The recent assessment made by Forest Trends’ Supply Change project looking at the more than 500 public commitments made by companies to remove forest destruction from their supply chains, made for interesting reading. In summary, the report claimed current disclosure on how companies are getting on in creating deforestation-free products to be “insufficient” with quantifiable progress only being reported for some commodities, and not others. “Even among pledges whose target dates have already passed, companies have disclosed progress on fewer than half,” it said.
With forests covering a third of our land, they provide vital resources to humans and wildlife as well as raw materials for manufacturing. But since 1990, the world has lost the equivalent of 1,000 football pitches of forest every hour, negatively impacting on water cycles, biodiversity, soil erosion, and jeopardising arable land and our ability to feed a global population set to reach 9 billion by 2050.
Well-Intended promises to do something about the removal of our much-needed forests is one thing. To implement policies, track progress and take concrete action on the ground, is quite another. If it is not really known what impact a change in land use is likely to have on the environment and society, it is much harder for companies to understand the risk attached to their role in helping to cause the loss of trees. At least that is the theory.
So, the launch of what has been described as “groundbreaking guidance” has been warmly welcomed. The ‘Land Use Change Guidance: Accounting for GHG Emissions in the Supply Chain’, the work of Quantis, is the fruit of a pre-competitive consortium that includes more than 40 contributors, including those from private companies, NGOs, governments and the science community.
What has been created is a scientifically accurate reference document that helps companies account for the climate change impacts (or greenhouse gas (GHG) emissions) connected to their efforts to roll back deforestation, create sustainable forests or promote other types of land use. It is useful because, as more and more companies opt to set science-based carbon reduction targets, a formal methodology is needed – something that will act as a guide to embed land use-generated emissions in their corporate and product footprints.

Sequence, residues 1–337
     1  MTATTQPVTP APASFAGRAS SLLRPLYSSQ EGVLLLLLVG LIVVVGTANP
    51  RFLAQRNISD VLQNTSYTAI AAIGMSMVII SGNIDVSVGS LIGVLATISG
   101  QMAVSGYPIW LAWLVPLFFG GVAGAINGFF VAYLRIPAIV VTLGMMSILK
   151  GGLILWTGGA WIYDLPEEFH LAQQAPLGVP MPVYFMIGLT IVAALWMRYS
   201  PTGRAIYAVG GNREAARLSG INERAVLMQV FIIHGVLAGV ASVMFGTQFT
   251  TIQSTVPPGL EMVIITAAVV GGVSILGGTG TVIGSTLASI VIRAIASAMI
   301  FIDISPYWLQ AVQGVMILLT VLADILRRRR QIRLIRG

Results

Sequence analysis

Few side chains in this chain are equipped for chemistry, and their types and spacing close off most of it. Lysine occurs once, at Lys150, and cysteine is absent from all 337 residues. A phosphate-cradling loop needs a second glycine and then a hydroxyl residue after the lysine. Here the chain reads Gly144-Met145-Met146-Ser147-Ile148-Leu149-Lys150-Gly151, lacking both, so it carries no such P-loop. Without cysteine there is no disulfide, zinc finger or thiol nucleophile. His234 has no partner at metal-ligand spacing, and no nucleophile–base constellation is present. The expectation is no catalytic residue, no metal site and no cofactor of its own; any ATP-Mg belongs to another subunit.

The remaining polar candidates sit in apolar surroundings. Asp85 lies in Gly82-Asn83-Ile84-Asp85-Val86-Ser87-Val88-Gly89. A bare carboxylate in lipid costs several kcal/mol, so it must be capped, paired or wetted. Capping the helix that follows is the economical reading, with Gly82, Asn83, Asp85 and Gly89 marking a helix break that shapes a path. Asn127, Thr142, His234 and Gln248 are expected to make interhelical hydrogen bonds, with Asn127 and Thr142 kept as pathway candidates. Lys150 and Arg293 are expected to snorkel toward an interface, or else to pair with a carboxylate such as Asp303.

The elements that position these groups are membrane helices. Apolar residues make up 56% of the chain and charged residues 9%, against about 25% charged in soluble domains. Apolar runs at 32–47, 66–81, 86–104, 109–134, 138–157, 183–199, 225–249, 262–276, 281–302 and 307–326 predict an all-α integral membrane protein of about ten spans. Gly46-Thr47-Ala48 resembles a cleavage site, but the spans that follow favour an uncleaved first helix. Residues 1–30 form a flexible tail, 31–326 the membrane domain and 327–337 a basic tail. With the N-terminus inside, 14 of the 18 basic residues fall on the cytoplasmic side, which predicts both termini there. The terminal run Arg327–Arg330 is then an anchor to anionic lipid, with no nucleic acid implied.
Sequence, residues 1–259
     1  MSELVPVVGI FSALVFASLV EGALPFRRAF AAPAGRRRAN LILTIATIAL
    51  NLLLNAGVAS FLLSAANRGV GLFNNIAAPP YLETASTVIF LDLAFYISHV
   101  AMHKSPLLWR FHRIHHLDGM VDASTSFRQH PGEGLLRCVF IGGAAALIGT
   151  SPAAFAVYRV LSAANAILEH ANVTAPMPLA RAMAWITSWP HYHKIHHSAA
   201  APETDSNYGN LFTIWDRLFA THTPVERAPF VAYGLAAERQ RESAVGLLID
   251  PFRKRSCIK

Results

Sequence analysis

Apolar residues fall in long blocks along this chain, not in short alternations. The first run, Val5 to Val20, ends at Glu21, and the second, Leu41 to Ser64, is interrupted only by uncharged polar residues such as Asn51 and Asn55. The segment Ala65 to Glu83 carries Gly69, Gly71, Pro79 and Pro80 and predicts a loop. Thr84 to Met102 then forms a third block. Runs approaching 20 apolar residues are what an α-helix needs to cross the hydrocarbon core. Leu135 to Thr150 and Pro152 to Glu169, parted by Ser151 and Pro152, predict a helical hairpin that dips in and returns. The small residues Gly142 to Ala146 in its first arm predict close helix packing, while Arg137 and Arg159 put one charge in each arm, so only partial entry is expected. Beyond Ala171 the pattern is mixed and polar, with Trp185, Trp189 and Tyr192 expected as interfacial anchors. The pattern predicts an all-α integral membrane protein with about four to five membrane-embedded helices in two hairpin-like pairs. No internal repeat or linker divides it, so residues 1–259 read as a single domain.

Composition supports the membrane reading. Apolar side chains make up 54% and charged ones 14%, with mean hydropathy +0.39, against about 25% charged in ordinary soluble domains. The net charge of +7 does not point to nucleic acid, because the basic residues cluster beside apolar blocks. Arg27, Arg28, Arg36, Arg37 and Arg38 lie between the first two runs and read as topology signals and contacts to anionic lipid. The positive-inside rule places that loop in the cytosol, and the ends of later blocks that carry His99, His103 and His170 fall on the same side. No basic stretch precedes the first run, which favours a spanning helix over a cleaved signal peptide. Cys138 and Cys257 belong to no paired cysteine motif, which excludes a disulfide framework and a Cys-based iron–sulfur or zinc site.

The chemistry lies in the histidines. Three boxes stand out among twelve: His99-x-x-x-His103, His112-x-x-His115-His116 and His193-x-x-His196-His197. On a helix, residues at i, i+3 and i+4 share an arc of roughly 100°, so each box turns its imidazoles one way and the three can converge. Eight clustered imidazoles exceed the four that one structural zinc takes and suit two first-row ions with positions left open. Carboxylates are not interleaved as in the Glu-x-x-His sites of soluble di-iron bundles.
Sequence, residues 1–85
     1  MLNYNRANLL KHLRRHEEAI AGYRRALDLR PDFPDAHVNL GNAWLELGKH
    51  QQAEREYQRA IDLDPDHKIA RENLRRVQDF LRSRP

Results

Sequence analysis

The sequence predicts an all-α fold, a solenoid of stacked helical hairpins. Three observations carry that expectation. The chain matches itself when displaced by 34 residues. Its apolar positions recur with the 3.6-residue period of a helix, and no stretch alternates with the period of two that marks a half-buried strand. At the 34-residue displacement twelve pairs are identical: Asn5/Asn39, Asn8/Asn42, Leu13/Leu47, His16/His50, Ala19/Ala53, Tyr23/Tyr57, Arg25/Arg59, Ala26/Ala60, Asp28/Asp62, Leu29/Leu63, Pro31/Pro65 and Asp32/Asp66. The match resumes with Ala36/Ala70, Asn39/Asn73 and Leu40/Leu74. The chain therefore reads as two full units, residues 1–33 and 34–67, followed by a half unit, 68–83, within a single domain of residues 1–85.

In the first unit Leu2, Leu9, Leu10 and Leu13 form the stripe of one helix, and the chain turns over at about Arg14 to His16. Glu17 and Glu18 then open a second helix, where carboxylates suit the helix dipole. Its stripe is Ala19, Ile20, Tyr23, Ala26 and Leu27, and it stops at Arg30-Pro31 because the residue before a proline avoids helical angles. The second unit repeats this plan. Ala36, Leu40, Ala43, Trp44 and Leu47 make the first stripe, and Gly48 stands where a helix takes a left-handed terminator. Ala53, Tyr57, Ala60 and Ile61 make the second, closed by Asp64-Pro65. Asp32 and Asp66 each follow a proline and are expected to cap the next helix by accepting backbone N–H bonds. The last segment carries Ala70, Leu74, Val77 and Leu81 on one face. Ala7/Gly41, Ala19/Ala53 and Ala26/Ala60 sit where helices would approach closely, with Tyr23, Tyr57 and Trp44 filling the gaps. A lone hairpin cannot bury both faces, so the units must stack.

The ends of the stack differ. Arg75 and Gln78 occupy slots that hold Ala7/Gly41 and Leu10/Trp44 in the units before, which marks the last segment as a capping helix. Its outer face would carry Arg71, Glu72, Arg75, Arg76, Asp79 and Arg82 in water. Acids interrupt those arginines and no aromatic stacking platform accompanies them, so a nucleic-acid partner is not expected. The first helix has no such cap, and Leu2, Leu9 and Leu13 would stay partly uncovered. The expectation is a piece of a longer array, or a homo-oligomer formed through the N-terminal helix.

“Organisations are pressured to take immediate action for the sustainable management of their supply chain,” says Jon Dettling, Quantis’ US director and project lead. “Yet industry lacked a streamlined approach to accurately account for these emissions, set reduction targets grounded in science, and communicate ongoing efforts. That is what this guidance sets out to change.”
Rather than being an official standard or certification, the guidance is designed to offer a reliable methodology for measuring impacts, both positive and negative. It includes 14 key recommendations, acting as a step-by-step approach for companies to measure and track their progress towards reducing or eliminating GHG emissions from land-based supply chains.
Now, to keep the guidance up-to-date, accurate and applicable, companies are being invited to start using it in a series of pilot programmes that will identify potential gaps and refine the methodology. A final public release will come during 2018.
Companies to have been involved in the creation of the guidance include PepsiCo, Danone, General Mills, Tetra Pak and Mars. The Sustainability Consortium and WWF are among the contributing NGOs.
With the management of forests and other land types often identified as contributing the most GHG emissions in any value chain, this is the type of guidance that could be crucial for any business relying on agriculture and forestry to maintain their operations.